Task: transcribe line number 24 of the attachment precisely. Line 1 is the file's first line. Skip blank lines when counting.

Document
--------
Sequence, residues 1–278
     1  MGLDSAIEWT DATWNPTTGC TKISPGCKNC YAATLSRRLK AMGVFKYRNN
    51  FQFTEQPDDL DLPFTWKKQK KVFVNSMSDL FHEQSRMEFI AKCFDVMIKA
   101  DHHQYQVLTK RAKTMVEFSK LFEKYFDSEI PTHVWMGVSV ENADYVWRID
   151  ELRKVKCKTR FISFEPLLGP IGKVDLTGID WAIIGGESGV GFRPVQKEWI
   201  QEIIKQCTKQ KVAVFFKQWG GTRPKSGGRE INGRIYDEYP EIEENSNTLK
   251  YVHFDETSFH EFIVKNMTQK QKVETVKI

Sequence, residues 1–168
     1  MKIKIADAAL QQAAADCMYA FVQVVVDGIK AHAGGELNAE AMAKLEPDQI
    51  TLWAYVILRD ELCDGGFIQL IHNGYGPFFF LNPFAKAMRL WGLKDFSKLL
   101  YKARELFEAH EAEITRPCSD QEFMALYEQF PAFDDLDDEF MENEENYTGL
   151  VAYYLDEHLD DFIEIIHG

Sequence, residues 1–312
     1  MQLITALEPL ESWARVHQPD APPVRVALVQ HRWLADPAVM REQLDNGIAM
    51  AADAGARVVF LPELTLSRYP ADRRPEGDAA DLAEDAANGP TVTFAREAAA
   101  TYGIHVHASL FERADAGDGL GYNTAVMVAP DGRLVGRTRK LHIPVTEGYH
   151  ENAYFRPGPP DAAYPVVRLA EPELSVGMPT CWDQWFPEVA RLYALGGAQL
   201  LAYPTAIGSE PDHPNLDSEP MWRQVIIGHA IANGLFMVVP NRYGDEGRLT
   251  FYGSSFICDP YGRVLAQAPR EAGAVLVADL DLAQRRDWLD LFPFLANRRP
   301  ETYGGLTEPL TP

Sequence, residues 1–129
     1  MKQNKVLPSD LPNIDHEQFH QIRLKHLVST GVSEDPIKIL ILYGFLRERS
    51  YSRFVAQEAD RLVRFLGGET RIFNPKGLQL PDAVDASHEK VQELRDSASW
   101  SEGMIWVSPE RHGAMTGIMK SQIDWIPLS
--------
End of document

   101  SEGMIWVSPE RHGAMTGIMK SQIDWIPLS